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Lecture# Orientation Calculation in Geomatics

Description

This lecture covers the process of determining the orientation of a station using a theodolite in geomatics. It explains how to calculate the bearing between the station and a known point, set up the theodolite, and use geomatics elements. Numerical examples are provided to illustrate the orientation calculation, emphasizing the importance of having at least two fixed points for accurate results. The lecture also discusses the significance of making multiple determinations and direction measures to detect faults and ensure precision in the orientation process.

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Related concepts (18)

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Fixed point (mathematics)

hatnote|1=Fixed points in mathematics are not to be confused with other uses of "fixed point", or stationary points where math|1=f(x) = 0. In mathematics, a fixed point (sometimes shortened to fixpoint), also known as an invariant point, is a value that does not change under a given transformation. Specifically for functions, a fixed point is an element that is mapped to itself by the function. Formally, c is a fixed point of a function f if c belongs to both the domain and the codomain of f, and f(c) = c.

Fixed-point iteration

In numerical analysis, fixed-point iteration is a method of computing fixed points of a function. More specifically, given a function defined on the real numbers with real values and given a point in the domain of , the fixed-point iteration is which gives rise to the sequence of iterated function applications which is hoped to converge to a point . If is continuous, then one can prove that the obtained is a fixed point of , i.e., More generally, the function can be defined on any metric space with values in that same space.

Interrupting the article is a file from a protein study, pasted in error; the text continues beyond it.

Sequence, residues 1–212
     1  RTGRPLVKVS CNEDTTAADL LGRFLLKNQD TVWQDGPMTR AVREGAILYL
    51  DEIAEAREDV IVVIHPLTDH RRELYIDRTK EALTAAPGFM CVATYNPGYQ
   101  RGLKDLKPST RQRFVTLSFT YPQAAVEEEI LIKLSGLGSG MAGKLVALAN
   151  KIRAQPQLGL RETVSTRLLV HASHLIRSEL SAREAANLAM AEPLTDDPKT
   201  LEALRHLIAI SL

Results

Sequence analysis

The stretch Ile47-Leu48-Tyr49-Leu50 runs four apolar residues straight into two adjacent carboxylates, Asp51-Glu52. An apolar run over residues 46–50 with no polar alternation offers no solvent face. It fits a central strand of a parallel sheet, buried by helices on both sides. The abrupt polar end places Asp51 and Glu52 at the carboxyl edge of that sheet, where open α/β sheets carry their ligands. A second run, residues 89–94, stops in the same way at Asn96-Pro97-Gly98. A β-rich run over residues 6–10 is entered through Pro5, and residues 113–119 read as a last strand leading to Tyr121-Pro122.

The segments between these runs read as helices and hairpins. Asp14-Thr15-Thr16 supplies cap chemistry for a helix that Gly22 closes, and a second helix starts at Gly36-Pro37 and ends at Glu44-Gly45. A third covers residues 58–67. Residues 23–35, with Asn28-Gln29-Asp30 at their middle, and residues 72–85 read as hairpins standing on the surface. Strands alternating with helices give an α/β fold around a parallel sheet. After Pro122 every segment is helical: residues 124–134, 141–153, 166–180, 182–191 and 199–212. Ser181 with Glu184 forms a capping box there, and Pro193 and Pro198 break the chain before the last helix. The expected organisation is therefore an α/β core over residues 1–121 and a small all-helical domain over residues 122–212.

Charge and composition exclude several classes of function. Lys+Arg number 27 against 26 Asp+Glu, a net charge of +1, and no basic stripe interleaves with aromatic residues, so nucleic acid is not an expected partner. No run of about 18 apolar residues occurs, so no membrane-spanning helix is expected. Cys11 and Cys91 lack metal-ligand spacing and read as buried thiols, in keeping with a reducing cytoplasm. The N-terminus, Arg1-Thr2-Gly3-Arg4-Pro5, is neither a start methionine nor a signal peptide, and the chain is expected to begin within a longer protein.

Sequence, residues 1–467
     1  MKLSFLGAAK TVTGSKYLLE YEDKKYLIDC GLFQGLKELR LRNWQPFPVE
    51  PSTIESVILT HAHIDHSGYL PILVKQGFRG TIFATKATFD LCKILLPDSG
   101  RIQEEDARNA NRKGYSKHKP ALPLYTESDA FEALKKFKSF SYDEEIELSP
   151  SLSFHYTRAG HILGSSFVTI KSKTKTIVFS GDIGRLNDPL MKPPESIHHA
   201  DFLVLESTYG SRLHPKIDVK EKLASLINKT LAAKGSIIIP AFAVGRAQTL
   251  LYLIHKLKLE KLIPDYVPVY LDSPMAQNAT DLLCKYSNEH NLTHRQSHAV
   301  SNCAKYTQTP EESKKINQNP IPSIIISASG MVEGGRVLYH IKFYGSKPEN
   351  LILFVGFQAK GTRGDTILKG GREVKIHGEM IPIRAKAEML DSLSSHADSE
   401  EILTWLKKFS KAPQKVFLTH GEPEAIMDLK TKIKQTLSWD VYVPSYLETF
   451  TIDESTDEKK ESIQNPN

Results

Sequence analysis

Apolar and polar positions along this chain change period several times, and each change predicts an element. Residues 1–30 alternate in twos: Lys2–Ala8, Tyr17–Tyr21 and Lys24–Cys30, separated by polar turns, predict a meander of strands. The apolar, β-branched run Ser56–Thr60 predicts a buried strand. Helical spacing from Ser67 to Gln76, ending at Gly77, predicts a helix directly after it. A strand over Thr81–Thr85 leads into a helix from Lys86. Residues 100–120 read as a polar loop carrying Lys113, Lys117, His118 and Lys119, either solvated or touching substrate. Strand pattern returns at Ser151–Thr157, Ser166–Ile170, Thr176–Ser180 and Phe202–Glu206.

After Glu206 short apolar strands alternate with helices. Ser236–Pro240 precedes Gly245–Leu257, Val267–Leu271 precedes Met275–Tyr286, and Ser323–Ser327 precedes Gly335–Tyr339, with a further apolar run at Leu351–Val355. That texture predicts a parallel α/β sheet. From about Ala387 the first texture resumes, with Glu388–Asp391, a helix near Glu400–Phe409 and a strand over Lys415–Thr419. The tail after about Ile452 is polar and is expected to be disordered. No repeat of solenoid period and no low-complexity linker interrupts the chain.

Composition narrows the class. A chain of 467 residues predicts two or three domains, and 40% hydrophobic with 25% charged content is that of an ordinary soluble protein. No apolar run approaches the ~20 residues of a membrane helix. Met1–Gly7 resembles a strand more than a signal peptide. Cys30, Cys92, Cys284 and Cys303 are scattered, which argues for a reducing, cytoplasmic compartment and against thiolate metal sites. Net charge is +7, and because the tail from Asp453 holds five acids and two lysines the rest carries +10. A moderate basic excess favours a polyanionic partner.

Fixed-point theorem

In mathematics, a fixed-point theorem is a result saying that a function F will have at least one fixed point (a point x for which F(x) = x), under some conditions on F that can be stated in general terms. The Banach fixed-point theorem (1922) gives a general criterion guaranteeing that, if it is satisfied, the procedure of iterating a function yields a fixed point.

Kakutani fixed-point theorem

In mathematical analysis, the Kakutani fixed-point theorem is a fixed-point theorem for set-valued functions. It provides sufficient conditions for a set-valued function defined on a convex, compact subset of a Euclidean space to have a fixed point, i.e. a point which is mapped to a set containing it. The Kakutani fixed point theorem is a generalization of the Brouwer fixed point theorem. The Brouwer fixed point theorem is a fundamental result in topology which proves the existence of fixed points for continuous functions defined on compact, convex subsets of Euclidean spaces.

Numerical methods for ordinary differential equations

Numerical methods for ordinary differential equations are methods used to find numerical approximations to the solutions of ordinary differential equations (ODEs). Their use is also known as "numerical integration", although this term can also refer to the computation of integrals. Many differential equations cannot be solved exactly. For practical purposes, however – such as in engineering – a numeric approximation to the solution is often sufficient. The algorithms studied here can be used to compute such an approximation.